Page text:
SciPacks are discrete learning experiences teachers can use to enhance their understanding of a particular scientific concept. Each SciPack contains a collection of three to five free Science Objects, which provide an understanding of the science content that supports curricula requirements by providing a structured set of learning experiences through simulations and practice assessments. Science Objects challenge teachers to explore and explain real world phenomena. Science Objects are founded on the principle that learners must be challenged with a problem, observation, data, etc., in order to develop scientific understanding. Science Objects present problems, phenomena, demonstrations, and simulations utilizing inquiry-based learning.
In addition to comprehensive inquiry-based learning materials tied to Science Education Standards and Benchmarks, the SciPack includes the following additional components:
- Pedagogical Implications section addressing common misconceptions, teaching resources and strand maps linking grade band appropriate content to standards.
- Access to one-on-one support via e-mail to content “Wizards”.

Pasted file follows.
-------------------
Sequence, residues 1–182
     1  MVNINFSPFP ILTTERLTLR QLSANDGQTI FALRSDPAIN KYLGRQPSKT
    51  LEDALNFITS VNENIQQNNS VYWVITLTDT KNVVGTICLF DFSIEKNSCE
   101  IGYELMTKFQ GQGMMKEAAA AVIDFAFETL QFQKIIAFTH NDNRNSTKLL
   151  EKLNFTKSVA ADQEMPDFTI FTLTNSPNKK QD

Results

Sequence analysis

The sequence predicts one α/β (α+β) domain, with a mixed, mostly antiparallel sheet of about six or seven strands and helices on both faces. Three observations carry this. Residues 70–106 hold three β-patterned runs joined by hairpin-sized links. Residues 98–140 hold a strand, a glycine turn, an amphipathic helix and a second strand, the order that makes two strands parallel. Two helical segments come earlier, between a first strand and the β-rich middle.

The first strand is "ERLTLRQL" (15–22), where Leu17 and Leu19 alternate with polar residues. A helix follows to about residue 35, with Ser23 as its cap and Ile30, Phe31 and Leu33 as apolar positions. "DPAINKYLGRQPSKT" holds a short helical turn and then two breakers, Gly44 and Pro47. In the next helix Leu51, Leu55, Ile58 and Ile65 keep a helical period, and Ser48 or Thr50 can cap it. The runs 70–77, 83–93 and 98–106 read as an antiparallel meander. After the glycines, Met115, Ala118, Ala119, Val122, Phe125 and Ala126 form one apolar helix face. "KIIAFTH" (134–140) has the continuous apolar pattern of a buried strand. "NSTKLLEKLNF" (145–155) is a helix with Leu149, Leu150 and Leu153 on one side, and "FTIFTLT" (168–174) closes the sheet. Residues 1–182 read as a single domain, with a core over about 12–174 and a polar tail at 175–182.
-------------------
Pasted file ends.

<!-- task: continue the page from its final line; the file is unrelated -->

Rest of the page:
- Final Assessment which can be used to certify mastery of the concepts.
Heredity and Variation: Inheritance
Heredity and Variation: Genes in Action
- Explain how domestication of plants and animals produced an early understanding of inheritance.
- Use Mendel’s model to explain patterns of inheritance represented in graphic form (for example, data tables, histograms, etc.).
- Identify the conditions required for an inheritance pattern to be explained correctly by Mendel’s model.
- Use data representing patterns of inheritance to support the idea that some observable traits are defined by discrete units of inheritance that segregate and assort independently of one another during inheritance.
Heredity and Variation: Mutation Provides Variation
- Distinguish among the following structures by describing their relationship to one another: DNA, chromosomes, genes, and alleles.
- Describe the role genes play in the production of proteins and defining the phenotype of an organism.
- Compare and contrast the DNA in cells produced during asexual reproduction versus the DNA in gametes produced during meiosis.
- Indentify and describe those steps within the process of meiosis that explain the random distribution of genotypes among offspring resulting from sexual reproduction.
- Explain how the recombination of the allele pairs for individual genes during sexual reproduction results in phenotypic variation among offspring.
- Compare and contrast genetic mutations with genetic variations resulting from the process of meiosis.
- Identify and describe the general processes involved in the creation of genetic mutations.
- Describe possible consequences of genetic mutations.
- Describe conditions necessary for genetic mutations to be inherited by an organism’s offspring.